Solid systems and materials become more flexible; they will become more dynamic and gain more freedom of movement. Solid systems of components evolve to include a single joint, then multiple joints. For example, a ruler was originally solid then evolved to have one joint then many joints to become a folding ruler. Then it became flexible tape measure, and eventually used a field (laser measure).

Characteristics:

  1. Systems may develop from being in a solid state to be in the form of powder, then liquid, then gas and finally as a type of field.
  2. Fields typically evolve from constant to gradient, impulse, resonance, interference.
  3. Freedom of movement develops from 1 dimension to 2 and then to 3 dimensions. Communication by telephone cables (2D) moved to 3D wireless.

 

The Trend of Uneven Development of System Components

The development of a system’s parts typically grows unevenly – the more complex the system, the more the number of non-uniform developing parts. The uneven development often leads to the creation and opportunity of identifying and solving new contradictions.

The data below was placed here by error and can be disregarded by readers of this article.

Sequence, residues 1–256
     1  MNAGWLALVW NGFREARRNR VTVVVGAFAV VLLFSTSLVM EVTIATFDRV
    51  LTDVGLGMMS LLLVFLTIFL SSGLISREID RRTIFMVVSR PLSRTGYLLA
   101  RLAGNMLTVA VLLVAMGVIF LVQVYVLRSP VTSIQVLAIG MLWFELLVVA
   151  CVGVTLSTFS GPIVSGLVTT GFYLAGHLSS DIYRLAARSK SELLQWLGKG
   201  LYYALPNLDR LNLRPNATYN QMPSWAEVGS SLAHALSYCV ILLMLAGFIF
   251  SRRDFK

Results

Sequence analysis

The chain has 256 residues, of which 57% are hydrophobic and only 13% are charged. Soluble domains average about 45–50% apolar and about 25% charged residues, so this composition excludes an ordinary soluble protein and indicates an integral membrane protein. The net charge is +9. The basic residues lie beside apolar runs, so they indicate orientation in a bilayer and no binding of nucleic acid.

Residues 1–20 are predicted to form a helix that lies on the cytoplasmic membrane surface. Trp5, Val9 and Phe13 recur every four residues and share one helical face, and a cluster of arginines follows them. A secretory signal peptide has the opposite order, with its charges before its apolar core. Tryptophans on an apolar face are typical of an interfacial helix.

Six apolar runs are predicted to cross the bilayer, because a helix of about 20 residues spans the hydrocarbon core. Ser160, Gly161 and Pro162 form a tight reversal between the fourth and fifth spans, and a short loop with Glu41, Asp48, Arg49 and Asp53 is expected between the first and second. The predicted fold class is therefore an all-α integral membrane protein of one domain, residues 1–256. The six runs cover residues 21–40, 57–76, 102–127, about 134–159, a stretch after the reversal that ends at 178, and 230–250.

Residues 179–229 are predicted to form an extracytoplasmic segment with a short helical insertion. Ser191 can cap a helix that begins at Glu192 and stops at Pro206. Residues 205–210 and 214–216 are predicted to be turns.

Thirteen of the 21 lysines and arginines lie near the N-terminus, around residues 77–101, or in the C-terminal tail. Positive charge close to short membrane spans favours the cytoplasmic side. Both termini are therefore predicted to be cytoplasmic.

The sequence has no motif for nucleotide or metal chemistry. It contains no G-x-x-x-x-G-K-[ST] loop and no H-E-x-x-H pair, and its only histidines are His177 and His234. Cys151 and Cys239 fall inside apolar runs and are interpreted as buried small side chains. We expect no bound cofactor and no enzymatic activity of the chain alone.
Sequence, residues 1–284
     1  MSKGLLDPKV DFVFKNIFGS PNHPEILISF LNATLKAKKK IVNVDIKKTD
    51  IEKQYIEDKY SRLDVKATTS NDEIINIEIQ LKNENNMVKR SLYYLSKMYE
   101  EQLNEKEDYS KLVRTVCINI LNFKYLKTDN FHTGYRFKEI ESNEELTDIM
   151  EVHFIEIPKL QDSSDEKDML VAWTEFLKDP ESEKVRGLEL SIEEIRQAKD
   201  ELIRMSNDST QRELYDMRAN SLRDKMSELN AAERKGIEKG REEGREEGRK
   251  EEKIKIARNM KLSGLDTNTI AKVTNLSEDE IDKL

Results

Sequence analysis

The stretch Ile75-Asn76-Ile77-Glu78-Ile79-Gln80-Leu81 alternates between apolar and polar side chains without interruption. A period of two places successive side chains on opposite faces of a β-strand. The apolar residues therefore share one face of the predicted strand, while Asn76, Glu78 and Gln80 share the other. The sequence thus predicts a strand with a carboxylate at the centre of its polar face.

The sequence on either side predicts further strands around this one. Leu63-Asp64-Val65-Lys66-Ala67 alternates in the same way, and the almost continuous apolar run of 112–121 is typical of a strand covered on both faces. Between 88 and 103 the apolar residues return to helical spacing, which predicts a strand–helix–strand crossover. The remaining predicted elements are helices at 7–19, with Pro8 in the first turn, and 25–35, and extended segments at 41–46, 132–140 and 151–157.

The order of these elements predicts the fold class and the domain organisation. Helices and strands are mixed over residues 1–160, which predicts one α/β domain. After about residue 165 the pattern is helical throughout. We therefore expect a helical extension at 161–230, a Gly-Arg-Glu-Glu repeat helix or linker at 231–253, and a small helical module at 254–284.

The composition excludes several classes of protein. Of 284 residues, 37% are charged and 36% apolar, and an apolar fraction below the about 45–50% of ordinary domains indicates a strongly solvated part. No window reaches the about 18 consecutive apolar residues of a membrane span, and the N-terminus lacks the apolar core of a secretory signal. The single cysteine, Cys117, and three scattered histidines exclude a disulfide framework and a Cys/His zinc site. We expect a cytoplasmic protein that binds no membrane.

Components may be at different stages of evolution. A sailing ship could move but their navigation systems did not develop to a high level until later. Many explorers did not know where they were. A ship’s hull has developed to be large but the braking system has not evolved to effectively stop the ship. It takes several miles to stop a large oil tanker. These discrepancies can be formed into contradictions to be solved.

 

There was rapid development in the reduction in size of hand-held electronic devices, but slow development in the means of inputting information. The keyboard was less evolved because the physical contradiction that the keyboard must be large to allow easy input of information and small to be portable was still being solved.

 

The Trend of Transition to the Supersystem 

Over time, systems merge with their supersystems. As the system reaches its own limits of development in order to become more ideal, it merges with external systems.

 

The most basic integration with the supersystem is when a single system integrates with another identical system to increase its functionality. An example is a single razor adds another to become a twin blade razor. Multiples of the same system can be integrated to increase functionality even further, for example a multi-blade razor.